Melissa: Yeah, I think a touchy subject can make for a game that feels warm to me—that kind of warm feeling I associate with a positive interpretation of wholesomeness—but I think other people would staunchly disagree. Queers in Love at the End of the World is the perfect example for me, because it gives me that intense feeling of warmth while also just wrecking me emotionally.

And even something like Night in the Woods gives me that warm feeling, especially with how the characters come together despite their flaws, BUT I would not describe it as cozy! You poke a severed arm with a stick!!

Nola Pfau: Is that not meant to be cozy?

Melissa: Well, I guess it depends on who you are.

Zora: This is fascinating because I don’t know if I would describe Night in the Woods as cozy, but the arm poking is in no way the thing that pushes me away from that descriptor. It’s more the sickening lurch I felt in my gut as I sort of slowly realized just how messed up Mae’s brain was and how few resources she had to like. Cope.

Melissa: Definitely that also. I wouldn’t describe it as cozy or wholesome, but it gives me that feeling of warmth knowing how it ends. It really makes me think of that part in Midsommar where Pele asks Dani, about her boyfriend, “Do you feel held by him?” because it’s both uncomfortable and a deeply poignant question. Night in the Woods is maybe the opposite of cozy, but maybe I do feel a bit held by it, you know?

Maddi: Yeah, I would agree with that assessment of Night in the Woods. I think the feeling I’m chasing is like… something familiar, I guess? Like, it’s easy to fall into Possum Springs or VA-11 Hall-A‘s Glitch City because there’s a level of familiarity and rapport between the characters and that’s inviting to me as a player.

A screenshot from Boyfriend Dungeon (Kitfox Games, 2021) showing Leah, a thin woman with tan skin and long, plaited dark hair, which she twirls with one finger. She says, "Maybe I focus too much on the results, and need to step back more. Think more holistically."

Alenka Figa: This is VERY interesting to me, especially as a librarian. This is something that is an issue in reader’s advisory—one of the things that makes reader’s advisory so hard. When you narrow in on the things that made someone like a book (or in this case, a game—so maybe this is gamer’s advisory?) and then start to look for similar titles you basically run into the need for content warnings? I’m sure lots of people like the idea of something that is ultimately warm/cozy, et cetera, but that allows for trauma within the storytelling, knowing that it will get there, versus wanting something that is really just completely wholesome. But when you’re categorizing things together for people so they can find more of what they want, you just can’t narrow it down to a few terms! It’s not that easy.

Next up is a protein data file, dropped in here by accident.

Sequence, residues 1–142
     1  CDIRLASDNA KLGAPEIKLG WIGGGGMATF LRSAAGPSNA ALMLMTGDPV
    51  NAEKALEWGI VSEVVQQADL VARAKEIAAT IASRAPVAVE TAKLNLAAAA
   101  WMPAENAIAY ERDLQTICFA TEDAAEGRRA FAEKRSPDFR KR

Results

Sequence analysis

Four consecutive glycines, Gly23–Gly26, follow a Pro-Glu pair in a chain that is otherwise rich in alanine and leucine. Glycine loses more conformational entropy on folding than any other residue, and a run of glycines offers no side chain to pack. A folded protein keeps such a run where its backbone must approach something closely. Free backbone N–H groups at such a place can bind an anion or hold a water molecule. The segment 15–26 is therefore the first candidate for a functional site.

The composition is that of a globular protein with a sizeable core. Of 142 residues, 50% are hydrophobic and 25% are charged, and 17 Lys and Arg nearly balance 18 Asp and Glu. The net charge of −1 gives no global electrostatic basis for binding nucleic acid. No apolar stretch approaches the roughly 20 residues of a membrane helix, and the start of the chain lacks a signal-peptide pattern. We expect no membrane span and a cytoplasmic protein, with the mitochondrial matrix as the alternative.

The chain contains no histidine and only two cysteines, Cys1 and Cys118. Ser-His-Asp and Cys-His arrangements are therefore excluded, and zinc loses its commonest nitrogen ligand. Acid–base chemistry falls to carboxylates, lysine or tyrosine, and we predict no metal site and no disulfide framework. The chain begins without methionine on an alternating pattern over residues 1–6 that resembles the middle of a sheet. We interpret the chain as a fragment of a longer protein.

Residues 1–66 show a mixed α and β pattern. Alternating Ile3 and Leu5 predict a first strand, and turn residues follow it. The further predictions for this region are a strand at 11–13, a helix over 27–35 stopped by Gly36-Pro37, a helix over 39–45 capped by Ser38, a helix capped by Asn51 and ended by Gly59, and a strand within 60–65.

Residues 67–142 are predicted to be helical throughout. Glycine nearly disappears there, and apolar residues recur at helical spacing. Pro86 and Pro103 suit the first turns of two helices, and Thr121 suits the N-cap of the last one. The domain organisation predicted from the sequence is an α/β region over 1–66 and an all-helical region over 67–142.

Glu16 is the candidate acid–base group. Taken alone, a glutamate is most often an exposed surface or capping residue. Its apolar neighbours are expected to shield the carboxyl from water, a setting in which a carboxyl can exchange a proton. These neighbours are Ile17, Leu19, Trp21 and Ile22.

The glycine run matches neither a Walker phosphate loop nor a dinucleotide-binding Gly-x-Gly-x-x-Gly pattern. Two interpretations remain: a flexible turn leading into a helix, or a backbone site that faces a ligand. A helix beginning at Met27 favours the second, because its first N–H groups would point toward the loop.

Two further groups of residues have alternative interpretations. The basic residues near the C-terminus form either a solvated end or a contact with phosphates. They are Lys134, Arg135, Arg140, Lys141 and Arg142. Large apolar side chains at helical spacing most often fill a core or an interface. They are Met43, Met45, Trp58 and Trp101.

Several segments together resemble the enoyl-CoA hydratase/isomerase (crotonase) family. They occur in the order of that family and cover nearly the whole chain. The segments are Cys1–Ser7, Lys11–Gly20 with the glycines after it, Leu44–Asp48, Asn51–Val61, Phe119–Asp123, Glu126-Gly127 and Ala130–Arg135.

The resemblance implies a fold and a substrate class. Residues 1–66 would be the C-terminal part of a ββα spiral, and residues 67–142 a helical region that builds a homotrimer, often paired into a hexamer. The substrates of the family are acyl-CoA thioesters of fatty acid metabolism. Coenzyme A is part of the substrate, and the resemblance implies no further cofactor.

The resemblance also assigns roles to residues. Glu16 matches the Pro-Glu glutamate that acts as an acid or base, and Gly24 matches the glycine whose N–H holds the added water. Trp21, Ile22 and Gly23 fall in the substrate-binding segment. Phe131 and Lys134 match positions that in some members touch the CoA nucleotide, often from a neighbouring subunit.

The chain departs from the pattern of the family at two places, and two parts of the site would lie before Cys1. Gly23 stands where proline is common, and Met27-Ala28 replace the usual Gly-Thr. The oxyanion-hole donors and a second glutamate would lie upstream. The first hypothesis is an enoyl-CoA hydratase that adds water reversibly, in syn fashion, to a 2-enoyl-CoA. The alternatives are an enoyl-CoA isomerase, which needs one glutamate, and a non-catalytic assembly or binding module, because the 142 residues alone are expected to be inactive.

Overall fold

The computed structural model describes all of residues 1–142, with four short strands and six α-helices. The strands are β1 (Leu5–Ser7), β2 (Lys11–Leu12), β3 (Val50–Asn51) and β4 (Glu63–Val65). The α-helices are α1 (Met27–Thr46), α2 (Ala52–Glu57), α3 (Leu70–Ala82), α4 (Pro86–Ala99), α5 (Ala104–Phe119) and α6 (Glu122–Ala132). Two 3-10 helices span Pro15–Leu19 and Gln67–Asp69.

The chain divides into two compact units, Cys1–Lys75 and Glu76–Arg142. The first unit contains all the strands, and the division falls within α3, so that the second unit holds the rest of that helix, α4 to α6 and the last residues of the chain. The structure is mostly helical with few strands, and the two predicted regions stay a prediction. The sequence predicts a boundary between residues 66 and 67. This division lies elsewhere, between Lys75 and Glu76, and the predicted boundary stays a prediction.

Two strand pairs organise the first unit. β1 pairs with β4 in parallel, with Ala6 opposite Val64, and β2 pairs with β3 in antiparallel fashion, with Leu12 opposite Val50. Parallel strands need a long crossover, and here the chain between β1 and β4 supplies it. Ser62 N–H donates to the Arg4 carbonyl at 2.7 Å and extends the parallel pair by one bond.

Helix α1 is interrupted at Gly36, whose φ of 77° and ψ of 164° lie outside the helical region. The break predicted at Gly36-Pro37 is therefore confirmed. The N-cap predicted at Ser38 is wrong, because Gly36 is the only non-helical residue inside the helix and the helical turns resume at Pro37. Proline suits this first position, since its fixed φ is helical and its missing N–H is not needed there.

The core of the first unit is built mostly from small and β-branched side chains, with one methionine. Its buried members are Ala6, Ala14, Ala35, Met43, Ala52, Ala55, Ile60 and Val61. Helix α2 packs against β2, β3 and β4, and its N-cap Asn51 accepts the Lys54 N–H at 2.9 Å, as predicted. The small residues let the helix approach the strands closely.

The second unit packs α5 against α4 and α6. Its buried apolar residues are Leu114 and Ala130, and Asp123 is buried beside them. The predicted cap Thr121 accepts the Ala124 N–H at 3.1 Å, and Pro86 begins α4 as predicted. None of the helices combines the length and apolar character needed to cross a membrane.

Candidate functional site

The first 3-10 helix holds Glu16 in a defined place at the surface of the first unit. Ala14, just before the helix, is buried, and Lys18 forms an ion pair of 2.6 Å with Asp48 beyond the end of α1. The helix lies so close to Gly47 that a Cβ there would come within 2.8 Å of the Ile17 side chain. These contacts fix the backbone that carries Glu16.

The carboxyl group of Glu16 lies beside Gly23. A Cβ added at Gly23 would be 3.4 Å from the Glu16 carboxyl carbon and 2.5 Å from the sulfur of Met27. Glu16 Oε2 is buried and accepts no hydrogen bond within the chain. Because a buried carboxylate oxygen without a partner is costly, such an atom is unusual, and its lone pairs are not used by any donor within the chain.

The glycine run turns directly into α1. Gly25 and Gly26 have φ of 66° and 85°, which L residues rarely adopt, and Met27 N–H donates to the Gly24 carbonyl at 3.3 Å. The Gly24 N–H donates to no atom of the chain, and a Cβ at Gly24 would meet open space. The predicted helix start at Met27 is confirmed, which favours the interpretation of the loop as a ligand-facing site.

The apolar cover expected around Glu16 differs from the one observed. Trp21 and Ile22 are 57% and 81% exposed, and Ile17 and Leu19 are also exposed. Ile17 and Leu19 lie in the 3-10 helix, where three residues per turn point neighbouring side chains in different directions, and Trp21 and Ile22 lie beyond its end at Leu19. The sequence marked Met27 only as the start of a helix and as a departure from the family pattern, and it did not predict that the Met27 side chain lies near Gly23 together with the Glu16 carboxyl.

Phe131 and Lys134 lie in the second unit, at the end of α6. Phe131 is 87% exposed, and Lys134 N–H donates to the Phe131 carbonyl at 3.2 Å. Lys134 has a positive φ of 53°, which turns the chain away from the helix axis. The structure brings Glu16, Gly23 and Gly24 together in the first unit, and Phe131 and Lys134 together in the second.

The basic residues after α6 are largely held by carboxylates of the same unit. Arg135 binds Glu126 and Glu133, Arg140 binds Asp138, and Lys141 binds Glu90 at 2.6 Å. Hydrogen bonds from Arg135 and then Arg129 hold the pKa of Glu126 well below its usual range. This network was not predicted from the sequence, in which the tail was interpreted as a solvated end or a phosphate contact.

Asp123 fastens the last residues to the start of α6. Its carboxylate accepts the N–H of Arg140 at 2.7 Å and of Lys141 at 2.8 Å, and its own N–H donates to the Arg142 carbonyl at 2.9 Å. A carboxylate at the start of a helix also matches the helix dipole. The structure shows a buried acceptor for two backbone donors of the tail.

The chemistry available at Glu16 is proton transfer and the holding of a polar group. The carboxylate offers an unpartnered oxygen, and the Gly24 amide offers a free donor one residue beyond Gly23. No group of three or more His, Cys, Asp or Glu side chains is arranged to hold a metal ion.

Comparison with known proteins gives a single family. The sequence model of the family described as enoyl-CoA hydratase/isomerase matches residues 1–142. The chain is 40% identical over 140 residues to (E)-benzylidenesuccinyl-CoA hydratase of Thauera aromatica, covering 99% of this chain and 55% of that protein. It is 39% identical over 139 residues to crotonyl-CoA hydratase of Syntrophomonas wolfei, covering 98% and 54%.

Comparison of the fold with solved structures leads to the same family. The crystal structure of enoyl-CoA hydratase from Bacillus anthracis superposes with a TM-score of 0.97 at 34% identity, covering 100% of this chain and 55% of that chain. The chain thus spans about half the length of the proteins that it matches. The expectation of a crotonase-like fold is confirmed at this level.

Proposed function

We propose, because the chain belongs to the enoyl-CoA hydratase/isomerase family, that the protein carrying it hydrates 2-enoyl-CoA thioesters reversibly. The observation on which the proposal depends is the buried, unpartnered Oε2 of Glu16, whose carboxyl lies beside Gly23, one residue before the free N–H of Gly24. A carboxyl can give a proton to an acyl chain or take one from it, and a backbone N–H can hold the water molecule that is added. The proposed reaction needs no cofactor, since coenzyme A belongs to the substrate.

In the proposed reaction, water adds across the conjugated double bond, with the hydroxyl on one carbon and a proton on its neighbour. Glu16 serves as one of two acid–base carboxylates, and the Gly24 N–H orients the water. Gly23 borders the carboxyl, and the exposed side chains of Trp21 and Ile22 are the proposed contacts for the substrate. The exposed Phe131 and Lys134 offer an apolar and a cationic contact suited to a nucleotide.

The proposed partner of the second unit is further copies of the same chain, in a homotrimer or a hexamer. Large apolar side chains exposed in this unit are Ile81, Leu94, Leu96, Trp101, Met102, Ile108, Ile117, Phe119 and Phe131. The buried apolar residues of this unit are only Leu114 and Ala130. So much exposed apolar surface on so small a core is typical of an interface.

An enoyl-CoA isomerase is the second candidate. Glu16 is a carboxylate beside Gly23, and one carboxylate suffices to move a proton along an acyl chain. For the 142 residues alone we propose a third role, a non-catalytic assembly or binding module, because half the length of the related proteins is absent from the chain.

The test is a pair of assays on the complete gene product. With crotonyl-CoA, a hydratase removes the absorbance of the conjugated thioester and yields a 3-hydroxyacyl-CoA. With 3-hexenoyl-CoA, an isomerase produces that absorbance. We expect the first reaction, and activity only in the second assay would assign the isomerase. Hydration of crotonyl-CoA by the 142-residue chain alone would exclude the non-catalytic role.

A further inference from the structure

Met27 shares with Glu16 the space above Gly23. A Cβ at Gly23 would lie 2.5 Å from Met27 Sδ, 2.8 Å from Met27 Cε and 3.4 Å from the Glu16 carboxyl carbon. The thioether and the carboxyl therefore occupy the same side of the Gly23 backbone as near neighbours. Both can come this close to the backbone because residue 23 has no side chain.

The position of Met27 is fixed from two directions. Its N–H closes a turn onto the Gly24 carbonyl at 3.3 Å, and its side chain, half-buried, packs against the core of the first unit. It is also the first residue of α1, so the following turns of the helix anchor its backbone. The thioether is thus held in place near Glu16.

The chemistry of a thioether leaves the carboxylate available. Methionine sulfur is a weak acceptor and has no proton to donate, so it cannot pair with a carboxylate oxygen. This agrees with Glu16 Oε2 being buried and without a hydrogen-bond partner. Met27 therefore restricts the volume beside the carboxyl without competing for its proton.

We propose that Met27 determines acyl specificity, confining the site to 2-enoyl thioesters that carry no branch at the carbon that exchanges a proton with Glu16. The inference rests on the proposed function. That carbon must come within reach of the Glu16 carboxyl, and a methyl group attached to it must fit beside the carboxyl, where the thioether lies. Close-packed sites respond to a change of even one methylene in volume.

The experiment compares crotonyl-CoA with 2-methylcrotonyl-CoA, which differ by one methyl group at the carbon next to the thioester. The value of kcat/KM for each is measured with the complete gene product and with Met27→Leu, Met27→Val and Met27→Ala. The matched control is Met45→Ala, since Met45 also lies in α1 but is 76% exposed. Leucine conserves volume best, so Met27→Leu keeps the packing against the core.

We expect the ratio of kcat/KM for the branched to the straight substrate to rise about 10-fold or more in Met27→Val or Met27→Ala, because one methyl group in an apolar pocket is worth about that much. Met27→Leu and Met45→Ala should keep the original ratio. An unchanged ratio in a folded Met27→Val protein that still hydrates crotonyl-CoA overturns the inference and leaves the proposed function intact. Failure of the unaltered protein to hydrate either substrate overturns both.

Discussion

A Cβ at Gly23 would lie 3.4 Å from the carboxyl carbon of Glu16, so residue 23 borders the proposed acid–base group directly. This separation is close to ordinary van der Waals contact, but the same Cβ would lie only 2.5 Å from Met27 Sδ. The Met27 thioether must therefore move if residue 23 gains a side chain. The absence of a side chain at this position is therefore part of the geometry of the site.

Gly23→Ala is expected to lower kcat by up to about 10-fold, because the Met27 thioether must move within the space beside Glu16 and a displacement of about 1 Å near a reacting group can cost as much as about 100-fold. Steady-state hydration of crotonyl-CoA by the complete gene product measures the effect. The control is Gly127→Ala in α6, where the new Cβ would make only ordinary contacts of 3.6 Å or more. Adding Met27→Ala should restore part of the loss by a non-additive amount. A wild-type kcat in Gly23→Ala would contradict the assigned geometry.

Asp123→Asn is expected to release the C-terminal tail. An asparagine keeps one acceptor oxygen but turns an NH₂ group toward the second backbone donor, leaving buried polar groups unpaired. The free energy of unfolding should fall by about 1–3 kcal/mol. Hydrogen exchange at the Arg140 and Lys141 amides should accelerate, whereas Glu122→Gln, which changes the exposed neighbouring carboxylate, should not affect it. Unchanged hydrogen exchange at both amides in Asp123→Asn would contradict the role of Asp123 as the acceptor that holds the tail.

Melissa: That’s a really great point, Alenka. I think that connection with reader’s advisory is really apt, because I think that’s how people are sometimes using “wholesome”—as a means of recommending something almost with a rubric of appropriateness, even if that’s not intentional. “Appropriateness” in this context doesn’t necessarily mean “family friendly” (though it might!), but “wholesome” usually applies to games that may contain romance, but not, say, sex. I might consider a game like Cute Demon Crashers to be wholesome, even though it’s based on the concept of hooking up with demons, because it’s cute, friendly, and very clear that negotiating consent is an important part of a fulfilling relationship, even a hookup. Somebody else might be entirely put-off by the notion of a hookup, or just the fact of the game’s sexual content (the game lets you enable censoring, and because consent is the focus, you don’t have to have sex at all—but sex is still an important part of the game). If we try to use “wholesome” to cover a broad spectrum of games, I think we’re going to run into issues.

Like any term, wholesomeness is subjective. But because expectations of comfort have been set, I think there’s more of a danger with wholesomeness. How can we anticipate everybody’s comfort threshold? We can’t, of course, and I think that has potential to lead to blowback, or even self-censorship, on the part of developers.

Alenka: Using “wholesomeness” to imply a certain kind of appropriateness is also gatekeeping, and that’s something to be very cautious about. Personally, when it comes to recommendations and setting expectations, I think precision of language is important. Maybe the solution here is to split up “wholesomeness” into all of these terms—warm, cozy, etc.—while acknowledging that these are NOT synonyms, but rather indicators of different kinds of content?

Melissa: I do think that what Wholesome Games (the entity) has tried to do—a lot of what we’ve discussed is also discussed on their FAQ page—is to create a functional umbrella term that encompasses all the things you mentioned. But I think that umbrella term is precisely the problem—we’re trying to talk about very different things at the same time, and specificity would serve us better, as you said, Alenka. I don’t think there’s anything wrong with wholesome games (or Wholesome Games), but I’ll admit that I start grinding my teeth when I hear the phrase now for all these reasons. What does it mean? I don’t know, and it doesn’t seem like anybody else does, either. It’s like… it’s fine, I guess? I get why it’s a phenomenon, and I get why people are into it, but the term “wholesome” carries so much baggage that I’m reluctant to use it at all.

There’s no real resolution to be found here, I don’t think. The word exists, it’s out there, people are using it. Some people like it, some people don’t. My biggest hope is that people who are interested in this genre, aesthetic, whatever you want to call it, put as much thought into it as Wholesome Games (the entity) do.